Book Review: "Cahokia" by Timothy R. Pauketat.
Ancient America's Great City on the Mississippi
By Timothy R. Pauketat
Viking. 194 pp. $22.95
Last year, an article in the St. Louis Post-Dispatch explained that Illinois's budgetary problems were leading to neglect at Cahokia Mounds, a state park. But as Timothy R. Pauketat's new book makes clear, Cahokia Mounds is not just of state importance (it is also a U.S. World Heritage Site). The great mounds built across the Mississippi River from St. Louis were quite influential, believes Pauketat, an anthropology professor at the University of Illinois, Urbana-Champaign: "The people of this North American city seem to have created their own culture, then proceeded to spread it across the Midwest and into the South and Plains with a religious fervor." In other words, Cahokia was the mother of North American mound mania, whose beginnings go back a thousand years.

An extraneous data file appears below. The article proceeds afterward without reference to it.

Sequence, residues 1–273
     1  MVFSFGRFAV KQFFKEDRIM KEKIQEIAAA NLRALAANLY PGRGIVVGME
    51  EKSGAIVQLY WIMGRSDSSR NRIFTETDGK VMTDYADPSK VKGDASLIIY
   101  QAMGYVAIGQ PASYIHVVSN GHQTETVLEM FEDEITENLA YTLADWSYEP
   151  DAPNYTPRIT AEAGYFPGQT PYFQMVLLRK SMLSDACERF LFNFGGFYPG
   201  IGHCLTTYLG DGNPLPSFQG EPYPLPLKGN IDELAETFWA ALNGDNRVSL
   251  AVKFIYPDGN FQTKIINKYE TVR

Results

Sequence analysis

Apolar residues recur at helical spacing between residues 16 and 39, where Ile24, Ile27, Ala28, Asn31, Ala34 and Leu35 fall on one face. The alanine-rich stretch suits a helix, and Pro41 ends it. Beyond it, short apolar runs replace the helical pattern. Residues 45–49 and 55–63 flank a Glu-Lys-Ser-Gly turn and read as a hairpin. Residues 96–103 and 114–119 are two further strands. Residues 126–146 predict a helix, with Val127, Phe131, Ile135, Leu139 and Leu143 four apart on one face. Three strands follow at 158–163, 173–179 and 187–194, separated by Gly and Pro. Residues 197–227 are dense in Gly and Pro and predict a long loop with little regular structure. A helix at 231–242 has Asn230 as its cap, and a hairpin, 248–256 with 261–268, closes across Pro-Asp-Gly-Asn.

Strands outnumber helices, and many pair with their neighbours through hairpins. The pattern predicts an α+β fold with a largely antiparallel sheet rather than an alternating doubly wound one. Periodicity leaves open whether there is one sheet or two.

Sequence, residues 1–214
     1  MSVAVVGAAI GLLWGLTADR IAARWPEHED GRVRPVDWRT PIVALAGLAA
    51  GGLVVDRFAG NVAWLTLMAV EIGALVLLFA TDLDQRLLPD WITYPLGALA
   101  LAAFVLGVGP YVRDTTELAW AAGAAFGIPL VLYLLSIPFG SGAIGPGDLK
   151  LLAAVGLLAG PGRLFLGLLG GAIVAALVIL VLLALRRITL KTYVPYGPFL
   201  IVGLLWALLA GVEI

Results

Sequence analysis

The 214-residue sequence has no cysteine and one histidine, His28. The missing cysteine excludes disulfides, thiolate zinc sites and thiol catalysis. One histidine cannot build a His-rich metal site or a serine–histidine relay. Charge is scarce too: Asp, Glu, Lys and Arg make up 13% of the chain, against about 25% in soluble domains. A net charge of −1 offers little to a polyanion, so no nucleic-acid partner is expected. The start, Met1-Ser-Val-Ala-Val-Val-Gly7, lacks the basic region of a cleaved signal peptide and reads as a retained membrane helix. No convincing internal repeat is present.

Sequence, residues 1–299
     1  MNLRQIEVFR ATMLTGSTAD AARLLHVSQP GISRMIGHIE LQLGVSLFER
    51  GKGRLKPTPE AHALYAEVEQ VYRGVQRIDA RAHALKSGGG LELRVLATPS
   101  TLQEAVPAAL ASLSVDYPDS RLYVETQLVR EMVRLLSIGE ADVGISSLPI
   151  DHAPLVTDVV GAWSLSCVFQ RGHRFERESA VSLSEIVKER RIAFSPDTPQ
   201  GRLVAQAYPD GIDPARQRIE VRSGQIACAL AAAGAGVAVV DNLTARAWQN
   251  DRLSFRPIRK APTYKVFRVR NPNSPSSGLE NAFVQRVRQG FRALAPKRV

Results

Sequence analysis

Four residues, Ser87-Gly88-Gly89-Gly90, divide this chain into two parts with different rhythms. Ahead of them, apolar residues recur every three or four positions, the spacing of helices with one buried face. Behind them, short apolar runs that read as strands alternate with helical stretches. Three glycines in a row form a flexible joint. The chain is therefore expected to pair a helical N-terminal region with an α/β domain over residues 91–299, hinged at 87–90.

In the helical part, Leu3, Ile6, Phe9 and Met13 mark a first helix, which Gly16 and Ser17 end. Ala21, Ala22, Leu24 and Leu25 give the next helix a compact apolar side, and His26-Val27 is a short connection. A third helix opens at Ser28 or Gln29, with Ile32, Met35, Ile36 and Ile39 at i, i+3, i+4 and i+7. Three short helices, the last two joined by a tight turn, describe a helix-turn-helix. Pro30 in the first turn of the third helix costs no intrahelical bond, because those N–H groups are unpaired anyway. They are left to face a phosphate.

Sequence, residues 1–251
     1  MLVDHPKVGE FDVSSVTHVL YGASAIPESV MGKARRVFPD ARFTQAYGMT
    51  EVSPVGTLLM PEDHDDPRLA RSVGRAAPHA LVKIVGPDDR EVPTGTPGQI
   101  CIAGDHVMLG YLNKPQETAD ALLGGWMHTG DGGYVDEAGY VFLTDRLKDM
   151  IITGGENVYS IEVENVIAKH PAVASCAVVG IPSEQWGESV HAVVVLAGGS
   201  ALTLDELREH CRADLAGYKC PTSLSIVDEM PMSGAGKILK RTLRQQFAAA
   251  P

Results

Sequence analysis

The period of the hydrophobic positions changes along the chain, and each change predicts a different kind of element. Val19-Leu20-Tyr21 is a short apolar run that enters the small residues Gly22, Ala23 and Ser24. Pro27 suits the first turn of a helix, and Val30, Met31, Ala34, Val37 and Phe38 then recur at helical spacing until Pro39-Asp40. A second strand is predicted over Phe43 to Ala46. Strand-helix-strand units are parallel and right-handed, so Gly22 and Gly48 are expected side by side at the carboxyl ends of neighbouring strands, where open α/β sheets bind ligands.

Mound-building flourished in a culture that made much of the planet Venus, exacted human sacrifice and ate a diet heavy on maize. Some archaeologists believe that there are links between Cahokia and the great civilizations of pre-Columbian Mexico, to which Cahokian residents may well have traveled and from which they may have brought back stories and images that figure in Cahokian mythology, such as "the cult of a Corn Mother or of twin Thunderers." Pauketat's book, which summarizes these and other theories as to what the Cahokia site means, is part of the Penguin Library of American Indian History.
-- Dennis Drabelle